This is one of the small ways I can help give back to my community and make it a better place to live and work.

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2015 Night of Stars

 

 

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Doing my part

My town has been in the news a lot lately. Robberies, fires, a shooting, and a death. It’s a lot to take in, whether you know the people involved or not. {I personally do not.} It goes without saying that I’ve been watching a lot of tv during my 6 weeks of bed rest. {Also a lot of Facebook-ing and Twitter-ing.} It’s not very often that my town comes up. We are 60 miles from the major tv channels, but we don’t make the news very often {omitting sports related news}. Lately they have run back-to-back stories. There’s not a lot of judgement in the stories I’ve seen, just fact reporting.

It’s a lot different on Facebook. There’s a lot of gloom and doom and not for the families. In fact, I don’t think I’ve seen anything about the families. Maybe that means I don’t know anyone who knows anyone who is related. {Did you follow that anyone and who madness?} Or maybe that means I follow a lot of people who are spending more time dogging on the town I grew up in. There are a lot of people asking what our town has become and other similar comments. I don’t exactly share their views. I should mention that I have a few friends who have called out all the negativity. It makes me happy to see these comments. They are completely correct.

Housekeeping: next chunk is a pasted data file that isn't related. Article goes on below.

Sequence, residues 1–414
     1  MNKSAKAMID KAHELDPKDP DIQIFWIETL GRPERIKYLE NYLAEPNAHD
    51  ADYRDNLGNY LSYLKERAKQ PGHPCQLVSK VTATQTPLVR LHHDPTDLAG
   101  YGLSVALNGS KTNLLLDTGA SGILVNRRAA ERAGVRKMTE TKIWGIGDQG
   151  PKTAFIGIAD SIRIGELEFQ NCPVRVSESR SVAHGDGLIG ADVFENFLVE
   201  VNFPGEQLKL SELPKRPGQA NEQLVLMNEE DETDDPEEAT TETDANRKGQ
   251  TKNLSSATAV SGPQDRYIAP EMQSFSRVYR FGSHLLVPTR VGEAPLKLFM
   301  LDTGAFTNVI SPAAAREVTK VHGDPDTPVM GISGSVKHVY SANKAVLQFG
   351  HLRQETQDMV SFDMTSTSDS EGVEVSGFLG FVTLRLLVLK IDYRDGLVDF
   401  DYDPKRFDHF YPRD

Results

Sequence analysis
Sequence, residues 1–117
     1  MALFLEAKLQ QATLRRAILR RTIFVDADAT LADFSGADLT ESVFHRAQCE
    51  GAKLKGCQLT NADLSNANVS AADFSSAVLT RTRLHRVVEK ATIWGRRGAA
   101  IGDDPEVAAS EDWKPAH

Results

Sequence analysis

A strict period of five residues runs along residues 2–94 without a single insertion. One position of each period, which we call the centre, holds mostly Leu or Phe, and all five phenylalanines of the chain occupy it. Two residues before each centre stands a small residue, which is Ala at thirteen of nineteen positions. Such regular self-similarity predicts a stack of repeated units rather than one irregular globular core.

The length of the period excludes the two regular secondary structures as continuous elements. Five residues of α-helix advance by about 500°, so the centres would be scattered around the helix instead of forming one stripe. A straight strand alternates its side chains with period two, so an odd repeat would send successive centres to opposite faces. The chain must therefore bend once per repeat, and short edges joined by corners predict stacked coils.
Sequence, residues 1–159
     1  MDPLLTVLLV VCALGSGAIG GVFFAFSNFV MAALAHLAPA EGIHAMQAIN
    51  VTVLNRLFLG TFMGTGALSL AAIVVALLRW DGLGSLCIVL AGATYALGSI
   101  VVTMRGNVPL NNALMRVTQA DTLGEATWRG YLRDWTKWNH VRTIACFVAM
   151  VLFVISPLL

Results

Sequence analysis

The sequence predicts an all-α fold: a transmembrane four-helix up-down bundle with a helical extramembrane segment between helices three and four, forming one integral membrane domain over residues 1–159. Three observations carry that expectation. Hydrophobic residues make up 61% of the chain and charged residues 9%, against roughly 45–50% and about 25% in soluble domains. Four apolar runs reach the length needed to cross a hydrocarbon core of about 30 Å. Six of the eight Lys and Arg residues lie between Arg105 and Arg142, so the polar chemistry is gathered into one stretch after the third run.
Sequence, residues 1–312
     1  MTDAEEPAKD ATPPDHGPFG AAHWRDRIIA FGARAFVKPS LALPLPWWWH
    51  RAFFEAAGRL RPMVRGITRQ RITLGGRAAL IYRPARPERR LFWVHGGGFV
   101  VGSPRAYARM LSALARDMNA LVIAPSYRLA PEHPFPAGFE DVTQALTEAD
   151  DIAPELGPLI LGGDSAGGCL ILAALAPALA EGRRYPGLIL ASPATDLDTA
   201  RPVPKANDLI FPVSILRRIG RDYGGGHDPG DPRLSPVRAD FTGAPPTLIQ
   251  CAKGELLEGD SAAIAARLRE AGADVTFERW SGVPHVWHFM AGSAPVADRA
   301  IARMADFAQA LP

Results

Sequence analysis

Yes, there are always some bad apples in the bunch. We’re a free society, after all. Let’s spend less time criticizing the actions of a few people and spend more time putting in an effort to make sure our town is what we want it to be. It’s the classic example of criticizing something but doing nothing. What makes you any better? You may not be breaking the law, but you’re not doing anything to better the community either. But you are bringing it down. You’re spreading negativity. I’m not pretending to be all high and mighty. There’s more I could do to be involved, but I do take pride in the board of directors that I am involved in. It’s taught me that I want to be involved. I want to help the community. I may only be able to do it one organization at a time, but I’m doing what I can to give back. It’s helped me see what my future can be. I’m involved with so many great people who are involved in so many organizations. Their lifestyles are much different than mine and they have more free time, but they are still great role models.

Regardless of your town, are you doing something to help your community?